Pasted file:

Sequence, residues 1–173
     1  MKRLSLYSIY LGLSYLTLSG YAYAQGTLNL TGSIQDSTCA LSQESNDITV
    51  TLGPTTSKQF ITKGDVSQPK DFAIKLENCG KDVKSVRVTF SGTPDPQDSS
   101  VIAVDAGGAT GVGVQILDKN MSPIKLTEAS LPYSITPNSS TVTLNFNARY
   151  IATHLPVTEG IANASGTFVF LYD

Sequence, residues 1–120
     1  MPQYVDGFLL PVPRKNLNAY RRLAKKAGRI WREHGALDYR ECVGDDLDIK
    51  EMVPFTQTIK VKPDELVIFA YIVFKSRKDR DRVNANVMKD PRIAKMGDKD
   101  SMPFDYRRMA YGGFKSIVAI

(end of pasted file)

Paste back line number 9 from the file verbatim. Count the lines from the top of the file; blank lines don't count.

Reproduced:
   101  SMPFDYRRMA YGGFKSIVAI